Coverage: Avon CEO to exit amid investor pressure
Avon Products Inc., which has been under pressure from activist investor Barington Capital, said Sheri McCoy will step down as chief executive next year, and the company reported a loss.
Paul R. La Monica of CNNMoney.com had the news:
The news of McCoy’s departure comes one day after Oreo and Cadbury owner Mondelez said that longtime CEO Irene Rosenfeld will give up the top spot at the company later this year.
McCoy, like Rosenfeld, had faced criticism from activist shareholders during her tenure.
But while Mondelez ultimately fended off challenges and continued to keep growing, Avon’s stock has plunged nearly 35% this year and more than 75% over the past few years.
Sales have fallen off the cliff and Avon has racked up significant losses as well. The company warned of another quarterly loss and drop in revenue on Thursday.
Avon, founded in 1886, is now worth just $1.5 billion. To put that in perspective, Avon rival Coty had offered to buy the company for $10 billion in 2012 just before McCoy took over.
Phil Wahba of Fortune reported that McCoy failed to fix the business:
The number of sales representatives, iconically known as ‘Avon Ladies’, has shrunk in all but one of the years of her rein and the declines have continued into 2015. Avon has racked up about $1.8 billion in losses and last year sold off its North American business to private equity firm Cerberus, a huge blow for a company founded in 1886 in New York when a door-to-door bookseller found that the perfumes he mixed himself were popular with his customers.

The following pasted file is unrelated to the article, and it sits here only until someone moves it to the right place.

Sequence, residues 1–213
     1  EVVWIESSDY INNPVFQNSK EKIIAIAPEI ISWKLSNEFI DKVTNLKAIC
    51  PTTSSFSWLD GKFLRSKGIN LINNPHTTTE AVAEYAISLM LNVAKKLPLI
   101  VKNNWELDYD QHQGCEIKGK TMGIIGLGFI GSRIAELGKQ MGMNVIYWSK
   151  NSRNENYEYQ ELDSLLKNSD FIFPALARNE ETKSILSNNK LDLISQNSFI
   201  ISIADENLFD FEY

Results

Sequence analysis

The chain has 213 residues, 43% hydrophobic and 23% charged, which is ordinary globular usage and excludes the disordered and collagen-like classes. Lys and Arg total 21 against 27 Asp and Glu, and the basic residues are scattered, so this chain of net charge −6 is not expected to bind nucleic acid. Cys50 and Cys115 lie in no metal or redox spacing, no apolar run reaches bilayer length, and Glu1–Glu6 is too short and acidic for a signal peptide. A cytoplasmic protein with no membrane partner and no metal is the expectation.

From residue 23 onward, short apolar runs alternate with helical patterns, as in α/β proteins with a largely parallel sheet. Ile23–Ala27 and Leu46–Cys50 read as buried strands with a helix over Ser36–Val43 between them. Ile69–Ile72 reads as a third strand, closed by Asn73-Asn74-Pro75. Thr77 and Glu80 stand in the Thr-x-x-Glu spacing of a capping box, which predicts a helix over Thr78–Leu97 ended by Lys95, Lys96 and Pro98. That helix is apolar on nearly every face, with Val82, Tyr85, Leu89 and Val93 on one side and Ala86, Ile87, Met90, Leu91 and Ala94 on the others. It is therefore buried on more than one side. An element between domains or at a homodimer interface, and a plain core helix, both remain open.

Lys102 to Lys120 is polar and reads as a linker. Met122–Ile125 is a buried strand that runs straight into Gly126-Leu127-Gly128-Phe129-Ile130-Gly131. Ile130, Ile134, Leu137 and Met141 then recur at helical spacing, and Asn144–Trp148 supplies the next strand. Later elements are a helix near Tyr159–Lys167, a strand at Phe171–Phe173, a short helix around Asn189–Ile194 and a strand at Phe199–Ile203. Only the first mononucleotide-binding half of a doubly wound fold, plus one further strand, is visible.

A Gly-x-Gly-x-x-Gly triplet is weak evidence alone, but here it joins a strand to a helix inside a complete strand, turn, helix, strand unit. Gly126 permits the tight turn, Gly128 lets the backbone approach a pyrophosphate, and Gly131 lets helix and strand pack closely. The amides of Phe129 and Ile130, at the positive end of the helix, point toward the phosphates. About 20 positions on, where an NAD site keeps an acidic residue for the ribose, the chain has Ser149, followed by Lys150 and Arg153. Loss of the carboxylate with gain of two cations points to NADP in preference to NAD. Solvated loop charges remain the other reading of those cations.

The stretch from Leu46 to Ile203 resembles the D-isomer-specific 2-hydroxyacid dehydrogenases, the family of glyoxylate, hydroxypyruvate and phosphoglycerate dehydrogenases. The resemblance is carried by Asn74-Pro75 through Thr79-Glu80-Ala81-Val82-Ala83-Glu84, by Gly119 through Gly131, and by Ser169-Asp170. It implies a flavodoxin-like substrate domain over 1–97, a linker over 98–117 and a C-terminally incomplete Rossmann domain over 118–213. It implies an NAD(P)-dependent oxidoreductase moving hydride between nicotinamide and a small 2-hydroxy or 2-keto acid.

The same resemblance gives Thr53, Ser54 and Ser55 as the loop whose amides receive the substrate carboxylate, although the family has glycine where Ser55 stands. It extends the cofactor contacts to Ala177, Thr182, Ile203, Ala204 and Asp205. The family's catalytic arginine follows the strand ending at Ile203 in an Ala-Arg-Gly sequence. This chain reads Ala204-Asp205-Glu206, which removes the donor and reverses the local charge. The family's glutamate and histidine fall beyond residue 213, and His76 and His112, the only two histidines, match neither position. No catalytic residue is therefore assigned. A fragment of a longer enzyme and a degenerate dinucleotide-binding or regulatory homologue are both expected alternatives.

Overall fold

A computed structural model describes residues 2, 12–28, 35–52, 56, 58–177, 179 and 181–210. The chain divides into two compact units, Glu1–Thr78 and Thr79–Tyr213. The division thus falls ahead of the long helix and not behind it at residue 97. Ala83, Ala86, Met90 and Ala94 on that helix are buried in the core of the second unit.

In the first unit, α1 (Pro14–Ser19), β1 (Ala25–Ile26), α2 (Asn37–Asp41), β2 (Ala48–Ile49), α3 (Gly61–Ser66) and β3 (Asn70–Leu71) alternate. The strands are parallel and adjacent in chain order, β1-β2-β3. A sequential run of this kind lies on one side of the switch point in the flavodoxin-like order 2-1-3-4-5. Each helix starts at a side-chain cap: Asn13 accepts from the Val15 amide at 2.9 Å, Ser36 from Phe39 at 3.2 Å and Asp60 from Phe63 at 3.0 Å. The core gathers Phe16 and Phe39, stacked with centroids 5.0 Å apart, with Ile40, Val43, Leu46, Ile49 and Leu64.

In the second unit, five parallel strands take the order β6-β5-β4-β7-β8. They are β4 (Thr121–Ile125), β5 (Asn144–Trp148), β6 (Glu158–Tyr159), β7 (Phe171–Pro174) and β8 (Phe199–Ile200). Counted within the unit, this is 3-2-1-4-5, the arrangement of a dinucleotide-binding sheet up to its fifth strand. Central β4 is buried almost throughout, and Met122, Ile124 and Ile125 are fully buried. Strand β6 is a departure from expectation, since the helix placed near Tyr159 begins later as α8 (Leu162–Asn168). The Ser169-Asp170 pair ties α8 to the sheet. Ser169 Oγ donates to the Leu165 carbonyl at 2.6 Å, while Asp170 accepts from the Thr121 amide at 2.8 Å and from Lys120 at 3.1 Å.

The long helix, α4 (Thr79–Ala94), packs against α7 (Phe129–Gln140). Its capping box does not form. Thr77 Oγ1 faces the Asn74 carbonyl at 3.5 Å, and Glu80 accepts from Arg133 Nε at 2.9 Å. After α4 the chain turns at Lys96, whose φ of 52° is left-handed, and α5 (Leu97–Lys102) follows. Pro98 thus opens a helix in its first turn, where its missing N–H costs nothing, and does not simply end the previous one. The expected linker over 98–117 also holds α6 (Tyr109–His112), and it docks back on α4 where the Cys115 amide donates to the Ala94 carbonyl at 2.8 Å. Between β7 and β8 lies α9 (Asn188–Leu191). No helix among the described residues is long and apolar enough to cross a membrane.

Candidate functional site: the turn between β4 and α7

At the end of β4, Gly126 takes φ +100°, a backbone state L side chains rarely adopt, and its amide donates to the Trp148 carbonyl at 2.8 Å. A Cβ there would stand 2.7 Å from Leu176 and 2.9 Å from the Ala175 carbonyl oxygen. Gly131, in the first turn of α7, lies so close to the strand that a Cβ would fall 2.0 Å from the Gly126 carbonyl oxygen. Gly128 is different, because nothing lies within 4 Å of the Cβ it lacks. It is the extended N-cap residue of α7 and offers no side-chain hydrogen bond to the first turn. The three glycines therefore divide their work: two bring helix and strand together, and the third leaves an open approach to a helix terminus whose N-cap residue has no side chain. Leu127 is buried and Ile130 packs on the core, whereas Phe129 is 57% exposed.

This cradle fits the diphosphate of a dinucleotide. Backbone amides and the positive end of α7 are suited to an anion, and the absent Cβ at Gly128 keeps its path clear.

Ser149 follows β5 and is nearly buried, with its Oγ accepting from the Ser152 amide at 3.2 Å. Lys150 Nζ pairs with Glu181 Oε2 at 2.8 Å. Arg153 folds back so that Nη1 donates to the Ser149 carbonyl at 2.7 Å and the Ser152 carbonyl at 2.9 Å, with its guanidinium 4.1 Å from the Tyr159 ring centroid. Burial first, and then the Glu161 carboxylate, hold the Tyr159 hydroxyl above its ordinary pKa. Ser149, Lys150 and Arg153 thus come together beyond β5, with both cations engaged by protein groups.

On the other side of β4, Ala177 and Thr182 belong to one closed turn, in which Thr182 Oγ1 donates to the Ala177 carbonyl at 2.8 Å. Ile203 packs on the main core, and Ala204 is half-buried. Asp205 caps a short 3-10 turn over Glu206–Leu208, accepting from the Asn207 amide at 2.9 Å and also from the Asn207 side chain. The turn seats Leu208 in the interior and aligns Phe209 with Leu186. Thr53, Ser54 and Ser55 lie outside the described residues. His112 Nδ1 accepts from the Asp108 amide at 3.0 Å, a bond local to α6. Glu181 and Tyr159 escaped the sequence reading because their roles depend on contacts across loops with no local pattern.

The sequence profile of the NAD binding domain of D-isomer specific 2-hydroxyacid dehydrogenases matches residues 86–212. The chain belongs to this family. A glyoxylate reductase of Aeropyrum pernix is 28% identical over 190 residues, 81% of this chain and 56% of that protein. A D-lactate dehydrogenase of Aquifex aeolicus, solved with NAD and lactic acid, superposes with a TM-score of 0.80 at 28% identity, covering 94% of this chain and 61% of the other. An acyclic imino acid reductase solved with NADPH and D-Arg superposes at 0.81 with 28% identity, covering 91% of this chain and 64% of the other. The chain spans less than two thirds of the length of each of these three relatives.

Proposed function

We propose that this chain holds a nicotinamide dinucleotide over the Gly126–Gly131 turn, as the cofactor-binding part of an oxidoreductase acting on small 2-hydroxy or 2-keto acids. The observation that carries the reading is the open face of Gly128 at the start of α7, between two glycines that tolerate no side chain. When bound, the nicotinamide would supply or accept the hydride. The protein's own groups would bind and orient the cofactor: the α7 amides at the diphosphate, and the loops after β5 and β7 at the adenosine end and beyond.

Ultimately, McCoy was trying to fix an unimaginable mess at a company with operations all over the world, and proved slow to react to market changes such as the impact of e-commerce and changing demographics. The company seemed to be in perpetual turnaround-restructuring mode from which investors had clearly tired since McCoy’s predecessor, Andrea Jung, had herself undertaken a number of reorganizations of the once-iconic company with little to show for it.
McCoy, a 30-year veteran of Johnson & Johnson(JNJ, +0.90%) before Avon, enjoyed a few successes early on, including exiting a few markets. But ultimately the company faced unhappy shareholders, activist investors Barington Capital Group LP and partner NuOrion Partners AG, who were unrelenting for three years in criticizing Avon’s umpteenth turnaround plan. And who can blame them: with sales and the number of representatives falling, it’s clear McCoy’s efforts have never managed to stem decline let alone set Avon up for a future.
Brooke Sutherland of Bloomberg Gadfly writes that Avon needs a miracle worker:
And, absent a time machine, there are no quick fixes.
Could Avon do more on the cost-cutting front? Probably, but that won’t stabilize Avon by itself.
One big motivator for de-bloating Avon’s cost structure and taking that capital infusion from Cerberus was to give it resources to invest in a business model that’s more relevantand attuned to online shopping habits. Worryingly, Avon on Thursday said it was expecting to reduce its planned capital investments by $20 million this year. That will increase free cash flow, but won’t do much to stop the defection of representatives or help it compete with the Birchboxes, Sephoras and Amazon.coms of the world.
Avon has seven months to find a new CEO. If you know any miracle workers looking for a job, send over their names.